25-year-old Park Dae-hyeon is helping North Korean defectors get back on their feet in South Korean society by sharing useful information through an easily accessible online platform.
Park, who crossed the Tumen River in October 2006 and arrived in South Korea in April 2007, established Woori On in July 2015 to provide important information for newly-arrived defectors.
This could be anything from job vacancies, housing, scholarships, to startup assistance, free education programs for learning English, computer skills, advice for getting a driver’s license and getting support for medical treatment: 710 articles were shared by Woori On last year.
Park says the number of the North Korean defector users has reached nearly 4,300. Considering the number of North Korean defectors in South Korea surpassed 30,000 in mid-November, around 14 percent of the defectors in the country have used the service.
The name “Woori On” reflects Park’s hopes for the future of his fellow North Korean defectors.
“I personally love the Korean word Woori which means ‘we’ since it is different from individualism and independence. And the word can be translated into ‘together’,” Park tells NK News. “So, I really wanted to use the word [for the company’s name], and I thought that it would be great if we could add one well-matched word,”
“’Woori On’ means the North Korean defectors become ‘bright’ after coming to South Korea since they came to a bright place out of the shadows.”
WHY SET IT UP?
In February 2015, Seoul’s Korea Hana Foundation, a government-run agency charged with offering support to defectors, revealed 20.9 percent out of total 1785 respondents said that they think about ending their lives. 30.7 percent cited economic difficulty as their motive for suicide, with 17.1 percent saying loneliness.
“Woori On means the North Korean defectors become ‘bright’ after coming to South Korea since they came to a bright place out of the shadows”
Park has found out that many defectors are often unaware of the opportunities available to them: when he asked friends at his church whether they knew that they could get a scholarship and a free bicycle, they were taken aback.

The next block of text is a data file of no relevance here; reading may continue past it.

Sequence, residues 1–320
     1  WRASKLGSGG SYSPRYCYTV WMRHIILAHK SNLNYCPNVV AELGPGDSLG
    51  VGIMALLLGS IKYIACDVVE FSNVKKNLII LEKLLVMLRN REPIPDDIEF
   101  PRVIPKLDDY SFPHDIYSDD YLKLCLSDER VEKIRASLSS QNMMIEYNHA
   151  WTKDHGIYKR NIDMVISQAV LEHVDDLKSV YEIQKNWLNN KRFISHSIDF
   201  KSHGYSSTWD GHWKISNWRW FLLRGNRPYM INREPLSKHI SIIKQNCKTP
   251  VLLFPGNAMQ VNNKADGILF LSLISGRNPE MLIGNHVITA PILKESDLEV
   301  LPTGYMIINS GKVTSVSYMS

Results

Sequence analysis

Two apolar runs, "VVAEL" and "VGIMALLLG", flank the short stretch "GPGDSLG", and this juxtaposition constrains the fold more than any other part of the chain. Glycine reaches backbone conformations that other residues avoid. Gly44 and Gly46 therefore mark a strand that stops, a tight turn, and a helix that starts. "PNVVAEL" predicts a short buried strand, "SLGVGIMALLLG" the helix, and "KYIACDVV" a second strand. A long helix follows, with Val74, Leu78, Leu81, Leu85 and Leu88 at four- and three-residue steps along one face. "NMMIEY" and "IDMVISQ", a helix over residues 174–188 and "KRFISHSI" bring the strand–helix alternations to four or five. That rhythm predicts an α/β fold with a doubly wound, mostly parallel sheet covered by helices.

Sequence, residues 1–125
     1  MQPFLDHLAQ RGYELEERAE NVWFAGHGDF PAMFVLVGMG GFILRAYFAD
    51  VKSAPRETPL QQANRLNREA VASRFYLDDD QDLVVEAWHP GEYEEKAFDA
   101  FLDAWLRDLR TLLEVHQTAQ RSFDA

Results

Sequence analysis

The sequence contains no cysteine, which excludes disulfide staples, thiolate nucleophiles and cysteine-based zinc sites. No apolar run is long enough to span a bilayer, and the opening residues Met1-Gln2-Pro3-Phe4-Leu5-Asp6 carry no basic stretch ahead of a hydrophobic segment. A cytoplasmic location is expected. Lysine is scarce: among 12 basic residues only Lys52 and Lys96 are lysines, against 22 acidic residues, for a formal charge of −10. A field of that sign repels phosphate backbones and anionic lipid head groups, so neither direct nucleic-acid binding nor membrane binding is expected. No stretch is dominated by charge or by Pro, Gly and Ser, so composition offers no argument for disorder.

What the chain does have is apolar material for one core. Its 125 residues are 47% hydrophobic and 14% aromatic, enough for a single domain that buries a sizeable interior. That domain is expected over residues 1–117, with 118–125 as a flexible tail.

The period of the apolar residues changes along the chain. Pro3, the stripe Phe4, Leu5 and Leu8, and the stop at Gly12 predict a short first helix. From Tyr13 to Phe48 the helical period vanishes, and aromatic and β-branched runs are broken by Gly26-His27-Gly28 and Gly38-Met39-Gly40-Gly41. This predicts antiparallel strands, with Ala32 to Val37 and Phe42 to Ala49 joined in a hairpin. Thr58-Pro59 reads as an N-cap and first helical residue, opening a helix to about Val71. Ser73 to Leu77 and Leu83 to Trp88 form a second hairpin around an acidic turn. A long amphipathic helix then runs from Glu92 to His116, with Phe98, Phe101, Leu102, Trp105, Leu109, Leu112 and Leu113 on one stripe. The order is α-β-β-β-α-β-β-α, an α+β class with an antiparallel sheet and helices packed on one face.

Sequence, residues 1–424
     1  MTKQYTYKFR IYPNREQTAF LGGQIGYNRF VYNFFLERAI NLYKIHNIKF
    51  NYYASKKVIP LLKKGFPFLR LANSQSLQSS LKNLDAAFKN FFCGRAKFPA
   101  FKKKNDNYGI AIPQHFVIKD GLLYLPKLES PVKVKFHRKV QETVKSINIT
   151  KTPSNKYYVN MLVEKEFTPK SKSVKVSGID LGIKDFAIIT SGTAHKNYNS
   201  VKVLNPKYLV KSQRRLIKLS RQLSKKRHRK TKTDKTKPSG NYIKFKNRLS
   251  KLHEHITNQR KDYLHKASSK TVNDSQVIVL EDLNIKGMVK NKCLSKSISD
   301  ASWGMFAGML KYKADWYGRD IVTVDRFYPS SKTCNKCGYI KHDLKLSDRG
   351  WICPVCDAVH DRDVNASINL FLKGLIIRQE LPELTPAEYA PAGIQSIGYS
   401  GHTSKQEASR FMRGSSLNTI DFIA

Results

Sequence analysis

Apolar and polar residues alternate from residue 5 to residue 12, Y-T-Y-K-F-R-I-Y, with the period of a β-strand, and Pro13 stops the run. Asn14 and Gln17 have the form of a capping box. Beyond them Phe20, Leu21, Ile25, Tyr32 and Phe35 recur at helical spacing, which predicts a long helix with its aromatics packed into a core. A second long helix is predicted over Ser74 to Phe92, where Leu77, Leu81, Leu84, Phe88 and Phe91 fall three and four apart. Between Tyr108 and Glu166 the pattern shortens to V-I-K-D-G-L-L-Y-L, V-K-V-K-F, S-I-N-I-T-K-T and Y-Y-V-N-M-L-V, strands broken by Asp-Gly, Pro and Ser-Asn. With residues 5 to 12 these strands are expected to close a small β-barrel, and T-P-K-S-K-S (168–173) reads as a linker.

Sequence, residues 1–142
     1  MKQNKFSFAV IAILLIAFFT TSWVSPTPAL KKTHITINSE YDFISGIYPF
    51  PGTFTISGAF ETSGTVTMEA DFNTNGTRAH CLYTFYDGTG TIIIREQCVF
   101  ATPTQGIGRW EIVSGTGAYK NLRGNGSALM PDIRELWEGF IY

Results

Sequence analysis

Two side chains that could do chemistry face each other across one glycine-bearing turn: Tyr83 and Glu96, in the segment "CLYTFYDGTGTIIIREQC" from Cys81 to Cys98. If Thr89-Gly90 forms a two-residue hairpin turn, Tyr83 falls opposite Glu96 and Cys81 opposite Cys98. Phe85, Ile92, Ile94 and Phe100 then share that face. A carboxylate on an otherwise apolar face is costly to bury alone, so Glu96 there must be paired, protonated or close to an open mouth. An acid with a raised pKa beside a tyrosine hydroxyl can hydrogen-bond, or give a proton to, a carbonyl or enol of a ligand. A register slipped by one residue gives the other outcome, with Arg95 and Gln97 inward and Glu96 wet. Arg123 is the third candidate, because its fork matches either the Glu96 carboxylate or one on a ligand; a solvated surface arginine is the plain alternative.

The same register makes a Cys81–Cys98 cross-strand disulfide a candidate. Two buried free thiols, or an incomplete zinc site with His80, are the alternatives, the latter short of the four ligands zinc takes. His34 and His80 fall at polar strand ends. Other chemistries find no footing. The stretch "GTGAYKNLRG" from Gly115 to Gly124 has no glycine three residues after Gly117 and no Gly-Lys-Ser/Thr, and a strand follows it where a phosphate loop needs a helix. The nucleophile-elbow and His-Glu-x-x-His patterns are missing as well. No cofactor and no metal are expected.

Park says many North Korean defectors have little experience in handling computers, and searching through 40 official and private web pages and checking notices can be time-consuming, especially for the IT-illiterate.
“No one can check around 40 websites every day,” Park says. “So, I started the project.”
Other members of the community are taking notice: one North Korean defector social entrepreneur says the establishment of Woori On is “a fresh attempt,” resolving issues that the government often neglects.
“Despite the Korea Hana Foundation receiving 20 billion South Korean Won (KRW, around US$ 16.7 million), the organization generates more heat than light,” Joseph Park, CEO of Yovel, a social enterprise, tells NK News.
“Websites run by the South Korean government are difficult to access. Woori On provides services based on what its users want.”
Another North Korean defector businessman, cafe-owner Yu Jin-sung, says Woori On offers user-friendly services which offset the flaws of the government-backed services.
“It’s convenient and useful. Above all, I can easily utilize the service as I don’t have to install a new application and [Woori On] doesn’t have a complicated interface,” Yu tells NK News.
“It’s hard for government agencies to take the lead [on every issue],” Yu says. “The government can’t handle all the issues; defectors have different jobs, specialties, hobbies, and interests.”
As of January 11, 37 mentors are now offering free counseling to troubled defectors
IN THE RIGHT DIRECTION